Voice of reason for small business in unpredictable times



If the COVID pandemic revealed anything about the way, we work it was the need to diversify.

While working from home was an option for those lucky enough to do that, the rest of the workforce had to rethink the way they operated. One of the hardest hit was the creatives industry and we’ve seen exactly how ‘creative’ performers have had to be during this past year to try and making a living while being in lockdown.

Sydney based actor and voice over artist Kelly Monisse is one of the thousands of Australians working in the creatives industry who has not only had to diversify the type of work they do but also the way they think about work.

Kelly had always been drawn to performance, studying drama at high school and honing her technique with a theatre group after school.

While her parents were supportive, they were also mindful of the fickle nature of that industry so encouraged their daughter to also look outside the arts to more traditional fields of employment for practical and financial reasons.

But despite spending most of her 20s trying to figure out what she wanted to do while undertaking “jobs I definitely didn’t want to do”, by process of elimination Kelly found herself back pursuing her first love, performance, at age 27.

Kelly graduated from acting school in mid-2018 and has been steadily working towards building up a solid repertoire of work in both acting and voiceover capacities. She has an agent and a website that showcases her acting impressive skill set.

But even outside of a pandemic Kelly said her industry was very unstable work-wise, and when COVID did hit “the inconsistency and vulnerability of the industry really hit home”.

“That’s just the reality of it. People I know in the industry have always had to diversify and find alternate means to their income, but I’m determined to remain within the creatives realm. It’s been eye-opening in that regard. How do I stay online with my goals and career prospects without having to pull beer through my 30s. Sure, that was fun in my 20s, but I’m pretty done with that now.”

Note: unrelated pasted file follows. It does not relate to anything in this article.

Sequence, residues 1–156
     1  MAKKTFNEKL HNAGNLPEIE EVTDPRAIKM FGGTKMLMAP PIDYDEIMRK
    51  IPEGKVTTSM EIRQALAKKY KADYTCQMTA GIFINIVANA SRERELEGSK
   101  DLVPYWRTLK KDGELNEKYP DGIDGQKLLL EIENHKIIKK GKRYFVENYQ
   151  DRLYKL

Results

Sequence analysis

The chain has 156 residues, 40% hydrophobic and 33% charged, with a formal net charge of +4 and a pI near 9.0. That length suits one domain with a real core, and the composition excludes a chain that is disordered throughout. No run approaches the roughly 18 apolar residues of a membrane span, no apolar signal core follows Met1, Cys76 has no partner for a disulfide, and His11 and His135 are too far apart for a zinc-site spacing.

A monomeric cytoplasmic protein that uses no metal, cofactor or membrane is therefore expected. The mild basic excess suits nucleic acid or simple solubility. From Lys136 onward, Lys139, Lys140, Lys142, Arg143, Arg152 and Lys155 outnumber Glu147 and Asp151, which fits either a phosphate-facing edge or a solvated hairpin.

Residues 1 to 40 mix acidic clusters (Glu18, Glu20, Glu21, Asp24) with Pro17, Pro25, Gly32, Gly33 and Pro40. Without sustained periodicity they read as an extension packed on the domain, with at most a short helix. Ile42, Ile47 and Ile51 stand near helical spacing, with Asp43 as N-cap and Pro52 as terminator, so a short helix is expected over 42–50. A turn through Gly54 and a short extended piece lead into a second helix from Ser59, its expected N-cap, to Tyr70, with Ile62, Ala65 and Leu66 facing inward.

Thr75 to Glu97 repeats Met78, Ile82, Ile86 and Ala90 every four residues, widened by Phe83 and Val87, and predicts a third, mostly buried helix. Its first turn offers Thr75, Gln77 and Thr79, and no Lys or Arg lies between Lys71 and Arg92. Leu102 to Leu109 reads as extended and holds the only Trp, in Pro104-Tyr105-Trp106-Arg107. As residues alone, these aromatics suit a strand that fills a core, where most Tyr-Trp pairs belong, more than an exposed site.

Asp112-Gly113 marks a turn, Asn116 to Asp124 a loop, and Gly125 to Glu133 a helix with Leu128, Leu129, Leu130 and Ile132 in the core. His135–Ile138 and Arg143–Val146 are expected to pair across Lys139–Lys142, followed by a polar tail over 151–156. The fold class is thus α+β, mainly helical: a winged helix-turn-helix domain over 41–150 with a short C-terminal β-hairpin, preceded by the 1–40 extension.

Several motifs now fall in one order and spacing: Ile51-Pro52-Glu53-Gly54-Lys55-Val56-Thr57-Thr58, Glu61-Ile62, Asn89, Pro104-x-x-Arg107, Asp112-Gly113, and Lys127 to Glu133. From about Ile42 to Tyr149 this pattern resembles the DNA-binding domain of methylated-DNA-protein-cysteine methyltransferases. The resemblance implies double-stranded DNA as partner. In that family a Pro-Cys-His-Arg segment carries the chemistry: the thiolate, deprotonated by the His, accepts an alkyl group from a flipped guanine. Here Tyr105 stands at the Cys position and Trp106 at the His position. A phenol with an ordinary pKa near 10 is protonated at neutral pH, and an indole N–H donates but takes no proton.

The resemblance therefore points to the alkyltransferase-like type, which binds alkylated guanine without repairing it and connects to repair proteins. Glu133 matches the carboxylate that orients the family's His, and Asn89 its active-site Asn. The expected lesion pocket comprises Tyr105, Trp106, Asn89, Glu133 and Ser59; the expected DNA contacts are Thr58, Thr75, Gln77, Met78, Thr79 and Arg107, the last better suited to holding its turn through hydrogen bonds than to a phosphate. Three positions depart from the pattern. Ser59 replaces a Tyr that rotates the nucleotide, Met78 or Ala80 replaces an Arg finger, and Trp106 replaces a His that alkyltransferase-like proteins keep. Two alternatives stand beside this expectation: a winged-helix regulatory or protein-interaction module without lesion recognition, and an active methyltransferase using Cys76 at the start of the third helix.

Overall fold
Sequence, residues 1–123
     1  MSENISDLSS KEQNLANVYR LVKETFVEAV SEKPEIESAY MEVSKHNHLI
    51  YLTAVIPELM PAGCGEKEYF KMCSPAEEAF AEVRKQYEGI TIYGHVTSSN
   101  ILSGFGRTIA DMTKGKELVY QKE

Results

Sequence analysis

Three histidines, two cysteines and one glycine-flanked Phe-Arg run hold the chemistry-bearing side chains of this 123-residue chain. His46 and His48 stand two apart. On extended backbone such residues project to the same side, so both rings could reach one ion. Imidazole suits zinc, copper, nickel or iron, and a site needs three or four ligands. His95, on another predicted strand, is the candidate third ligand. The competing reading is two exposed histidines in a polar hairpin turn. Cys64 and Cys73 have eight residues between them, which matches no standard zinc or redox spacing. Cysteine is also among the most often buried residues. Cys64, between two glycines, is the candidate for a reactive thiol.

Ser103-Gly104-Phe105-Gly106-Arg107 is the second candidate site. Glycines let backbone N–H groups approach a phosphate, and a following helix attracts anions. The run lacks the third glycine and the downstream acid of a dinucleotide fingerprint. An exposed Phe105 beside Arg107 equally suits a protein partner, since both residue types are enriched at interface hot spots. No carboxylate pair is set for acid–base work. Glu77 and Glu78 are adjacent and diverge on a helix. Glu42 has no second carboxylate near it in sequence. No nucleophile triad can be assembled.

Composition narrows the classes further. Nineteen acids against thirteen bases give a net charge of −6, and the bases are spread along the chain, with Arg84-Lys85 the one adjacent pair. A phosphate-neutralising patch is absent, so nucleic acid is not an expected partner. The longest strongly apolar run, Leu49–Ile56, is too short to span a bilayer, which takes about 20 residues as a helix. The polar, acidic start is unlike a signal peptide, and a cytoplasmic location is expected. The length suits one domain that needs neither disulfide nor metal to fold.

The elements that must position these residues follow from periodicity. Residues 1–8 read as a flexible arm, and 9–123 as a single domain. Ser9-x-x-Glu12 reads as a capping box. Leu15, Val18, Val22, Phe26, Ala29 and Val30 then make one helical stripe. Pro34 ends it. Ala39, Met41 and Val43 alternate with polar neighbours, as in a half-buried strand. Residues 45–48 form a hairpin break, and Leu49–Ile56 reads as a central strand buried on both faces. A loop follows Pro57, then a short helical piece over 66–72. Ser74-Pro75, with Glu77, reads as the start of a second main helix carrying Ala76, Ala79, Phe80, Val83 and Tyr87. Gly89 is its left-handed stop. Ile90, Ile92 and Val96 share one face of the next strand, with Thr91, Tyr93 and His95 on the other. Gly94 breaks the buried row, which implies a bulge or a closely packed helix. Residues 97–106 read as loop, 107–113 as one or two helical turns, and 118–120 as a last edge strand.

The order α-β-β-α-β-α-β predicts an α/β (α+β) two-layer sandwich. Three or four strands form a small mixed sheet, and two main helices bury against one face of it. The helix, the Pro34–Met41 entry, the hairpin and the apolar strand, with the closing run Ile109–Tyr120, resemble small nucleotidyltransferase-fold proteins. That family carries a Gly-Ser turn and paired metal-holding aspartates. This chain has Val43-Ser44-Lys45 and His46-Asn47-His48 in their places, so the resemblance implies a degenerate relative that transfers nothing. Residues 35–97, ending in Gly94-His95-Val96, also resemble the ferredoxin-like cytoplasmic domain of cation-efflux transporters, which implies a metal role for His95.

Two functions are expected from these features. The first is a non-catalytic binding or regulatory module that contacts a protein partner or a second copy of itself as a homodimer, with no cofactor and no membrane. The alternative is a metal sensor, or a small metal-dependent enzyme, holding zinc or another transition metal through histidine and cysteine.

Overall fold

It was through Kathie Heyman’s Masterclass that Kelly was able to explore other options based on her skillset and look at what other small business services she could offer people while continuing to work towards her career goals as a performance artist.

“When you’re in acting it’s great because there’s always a lot of momentum when it’s happening but it happens in bursts, then it goes quiet. It’s those bits in between that you need to be able to look after yourself physically, mentally and financially.”

“Studies have shown what unemployment does to your mental health and as a performer you’re in a constant state of unemployment. Every time a job comes to an end you have to look for the next one. Having a long-term business plan as opposed to jumping from one job to the next and the next is something you can feel more in control of as opposed to relying on others for your opportunities. You start creating them for yourself.”

Kathie helped Kelly identify and articulate the skills she had based on her experience and is now promoting those services, as you would with any small business, like voiceovers and creating video content for commercial operators.

“When you’re doing everything yourself, getting someone from the outside to take a look was really helpful. You’ll think you’ve just made a mess, but they’ll say let’s move these things around. See what you’ve done there. That’s great. Having that feedback and interaction is really encouraging.”

Kelly said while acting and voice-over was still her main passion she realised it would be part for the many things she will do throughout her life and was already moving into new territory on the other side of the camera while exploring her writing capabilities.

“Kathie’s workshops have been a bit like those Magic Eye books. Unless you pull the picture away it’s just a big cluster of colour. When you do it suddenly becomes a beautiful three-dimensional image. Kathie helps you pull the book away, take that step back from what you do so the image, the bigger picture, comes into focus”

She said people that are hardwired to work in the creative fields don’t understand that concept of working to live which is why it can be hard to think about things like a small business plan. “It’s always a living to work situation (in the arts) so you assume things will take care of themselves but that shouldn’t mean you don’t have any plans.”


“In next year or two I want to be able to feel self-sufficient and self-reliant while still pursuing a career in the arts. I don’t know whether that’s going to be completely feasible but I’m going to give it a shot.”

To find out more about Kelly Monisse’s Voice Over and acting services visit: www.kellymonisse.com.au